Time and time again we find ourselves reading compilations of circulated love-life jargon. We read countless stories regarding the search for fulfillment in our relationships, while the theme of friendship takes a bit of a backseat. I thinks it is safe to assume that the rom coms we so often watch have us looking for love or at least awaiting its arrival, whether we are actively seeking it or not.

However, through a series of unforecasted events I have developed a special appreciation for relationships. That of the special relationships and fulfillment of not love interests, but  genuine friendships.

According to a statistic from The New York Times, “Today [only] 20 percent of Americans ages 18 to 29 are married, compared with nearly 60 percent in 1960.”

With marriage becoming more of a distant future idea versus something happening sooner than later, it makes me wonder if people can genuinely be just as happy in the meantime as they would be if they were spending the time with the love of their lives. I guess I have always been a bit of a romantic whether I’m in a relationship or not. The idea of achieving that soulful satisfaction a spouse provides has always been an idea I fancied.

However, with the social norms changing, and marriages tending to happen later in life it separates people into two other categories. Those who find solace in being alone and those who find impassioned completeness from friendships.

With more of us entering adulthood unmarried, we begin to mold into the people we will evidently be the rest of our lives not based off companionship of a romance, but instead apace with friends. I began to find affinity with those made from a similar mold as I; As I stepped into “adulthood” it appeared it was more enjoyable to do so accompanied by genuine friends.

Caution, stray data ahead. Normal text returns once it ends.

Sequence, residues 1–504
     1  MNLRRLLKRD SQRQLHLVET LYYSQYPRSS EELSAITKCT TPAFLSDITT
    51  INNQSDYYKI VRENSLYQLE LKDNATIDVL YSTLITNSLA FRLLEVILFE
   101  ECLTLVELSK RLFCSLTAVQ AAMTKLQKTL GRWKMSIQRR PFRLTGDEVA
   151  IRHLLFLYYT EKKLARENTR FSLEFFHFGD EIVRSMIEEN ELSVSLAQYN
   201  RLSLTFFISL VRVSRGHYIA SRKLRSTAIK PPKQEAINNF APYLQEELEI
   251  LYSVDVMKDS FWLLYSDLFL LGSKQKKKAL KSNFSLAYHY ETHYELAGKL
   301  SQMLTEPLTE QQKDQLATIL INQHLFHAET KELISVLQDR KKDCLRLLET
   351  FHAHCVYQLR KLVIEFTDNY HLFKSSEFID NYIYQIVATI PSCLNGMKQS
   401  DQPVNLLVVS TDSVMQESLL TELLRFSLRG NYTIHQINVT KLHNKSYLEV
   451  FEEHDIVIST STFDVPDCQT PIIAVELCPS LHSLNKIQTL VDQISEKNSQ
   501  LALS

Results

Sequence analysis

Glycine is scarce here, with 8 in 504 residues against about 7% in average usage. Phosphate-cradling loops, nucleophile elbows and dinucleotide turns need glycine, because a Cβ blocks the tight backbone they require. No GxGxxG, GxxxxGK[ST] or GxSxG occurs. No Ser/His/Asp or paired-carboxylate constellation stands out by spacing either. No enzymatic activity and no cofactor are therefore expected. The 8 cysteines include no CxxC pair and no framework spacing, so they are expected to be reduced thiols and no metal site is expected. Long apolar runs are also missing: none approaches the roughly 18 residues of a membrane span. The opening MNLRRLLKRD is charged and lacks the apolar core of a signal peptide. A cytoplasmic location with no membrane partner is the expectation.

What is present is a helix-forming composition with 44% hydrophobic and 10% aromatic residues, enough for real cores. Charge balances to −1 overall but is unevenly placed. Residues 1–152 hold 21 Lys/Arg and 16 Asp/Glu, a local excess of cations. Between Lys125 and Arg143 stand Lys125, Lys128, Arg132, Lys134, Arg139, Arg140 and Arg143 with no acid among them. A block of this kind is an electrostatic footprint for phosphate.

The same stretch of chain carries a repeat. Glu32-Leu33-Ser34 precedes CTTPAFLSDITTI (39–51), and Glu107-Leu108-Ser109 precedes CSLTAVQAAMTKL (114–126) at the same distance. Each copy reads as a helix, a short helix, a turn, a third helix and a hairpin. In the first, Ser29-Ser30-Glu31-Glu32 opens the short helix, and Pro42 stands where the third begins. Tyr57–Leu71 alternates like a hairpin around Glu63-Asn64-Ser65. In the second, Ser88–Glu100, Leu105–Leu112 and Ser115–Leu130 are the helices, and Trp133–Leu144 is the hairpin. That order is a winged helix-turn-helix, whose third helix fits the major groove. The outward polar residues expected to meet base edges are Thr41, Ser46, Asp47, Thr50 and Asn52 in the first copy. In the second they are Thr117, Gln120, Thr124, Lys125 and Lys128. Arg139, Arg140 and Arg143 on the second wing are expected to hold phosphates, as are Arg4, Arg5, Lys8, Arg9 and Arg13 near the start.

Upon taking a recent trip to Nebraska to visit my best friend for her 21st birthday and a much needed mental health trip on my part, I came to discover it wasn’t romance nor a self-indulged trip of self-love that began to mold me into the person I hoped I would be. It was instead the friendships I chose to invest in. I came to the conclusion that friendships provided me with many enrichments I sought out in early adulthood — intellectual connection, similar moral values, enjoyed company, a support system and character builders.

When visiting my best friend Lexi, I for the first time acknowledged a constant in my life. The presence of Lexi and all my other best friends. Despite all of the poor relationship choices I made or the lows I faced in any self-conflicting battle I faced, my friends weren’t far from my side.

My good friends challenged my political stances, pushed me to be a better person, provided me with mental stimulation and enriched me with substance filled conversation. I realized the genuine friends I surrounded myself with pushed me in positive directions and made my aspirations I yearned for seemed more attainable.

Friendships, if catered to with care provide something relationships don’t. They provide a simplistic satisfaction romantic entanglements might not. They stimulate us emotionally whether it be accompanying us during  Netflix Benders, consoling us after detrimental blows life throws our way or just embarking on everyday adventures with us.

I think we seek fulfillment in romantic relationships when completeness is right in front of our faces. We can all carry the mentality of G Eazy’s new top-40 hit, “Oh, it’s just me, myself and I Solo ride until I die ‘Cause I got me for life.” Save it. Having a sense of self-empowerment and independence is great. You’re a romantic like myself? great.

However, connections as special as friendships seem to take a wayside because there is no ceremonial tying of the knot. As marriages become a thing that occur later on in life people assume roles of self-indulgence when they could instead invest themselves in genuine friendships that could provide just as great fulfillment as any romantic interest.

There may not be any ceremonies to make friendships official. Marriage becomes more distant and that means friends may become more of our primary life partners. So invest the same time you would in friends as you would in love interests. Don’t waste your time having small-minded conversations or subpar adventures with friends while awaiting a fairy-tale romance. Because truth be told, friendships can provide just as much fulfillment, if not more if you open your heart to friendships as you would to romance.

  Ali Schultz studies journalism. She can be reached at alexandraschultz@unr.edu and on Twitter @AliSchultzzz